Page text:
Blackfriars Research fellow receives honour.
'Accordingly we must say that the work of the active life is twofold. One proceeds from the fullness of contemplation, such as teaching and preaching… For even as it is better to enlighten than merely to shine, so it is better to give to others the fruits of one’s contemplation than merely to contemplate' (St Thomas Aquinas, Summa Theologiae II-II q.188 a.6).
The Dominican Order through its almost 800 years of existence has built up an extremely rich tradition of theology and of Christian witness. Among the best known figures of the history of the Dominican Order are St Albert the Great, St Thomas Aquinas, Fra Angelico (Bl John of Fiesole), Meister Eckhart, Bartolomé de las Casas, St Martin de Porres and Yves Congar, not to mention four Popes (Innocent V, Benedict XI, Saint Pius V and Benedict XIII). Closer to home, the Province of England has had such remarkable figures as Robert Kilwardby, Bede Jarrett, Vincent McNabb, Victor White, Gerald Vann, Cornelius Ernst and Herbert McCabe. We should not forget that the friars work closely with, and their ministries are greatly enriched by, the whole of the Dominican family: nuns, sisters and lay Dominicans.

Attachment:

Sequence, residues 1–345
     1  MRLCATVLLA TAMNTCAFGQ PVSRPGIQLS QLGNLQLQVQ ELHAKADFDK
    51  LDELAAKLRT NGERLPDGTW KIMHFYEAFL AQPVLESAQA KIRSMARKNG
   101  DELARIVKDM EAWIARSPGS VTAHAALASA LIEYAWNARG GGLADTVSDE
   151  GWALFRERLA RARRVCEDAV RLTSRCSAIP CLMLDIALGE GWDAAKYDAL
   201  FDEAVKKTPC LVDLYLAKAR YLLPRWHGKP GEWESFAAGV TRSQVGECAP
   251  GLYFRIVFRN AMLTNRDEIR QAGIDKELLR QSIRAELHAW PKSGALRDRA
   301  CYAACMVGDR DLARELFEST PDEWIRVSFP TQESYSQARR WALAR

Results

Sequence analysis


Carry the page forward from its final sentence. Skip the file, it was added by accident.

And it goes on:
This is a rich and varied mix, and such variety is valued by Dominicans as mendicants for the truth, happy to beg a little illumination from everyone whom we meet on the road. But in this variety there is a unity. This unity is founded on fidelity to Christ, on respect for reason as a gift from God, and a recognition that love of the truth is to be lived out in daily life and that the fruits of the search for the truth are to be shared with our brothers and sisters: ‘If I proclaim the gospel, this gives me no ground for boasting, for an obligation is laid on me, and woe to me if I do not proclaim the gospel!’ (1Cor 9.16).
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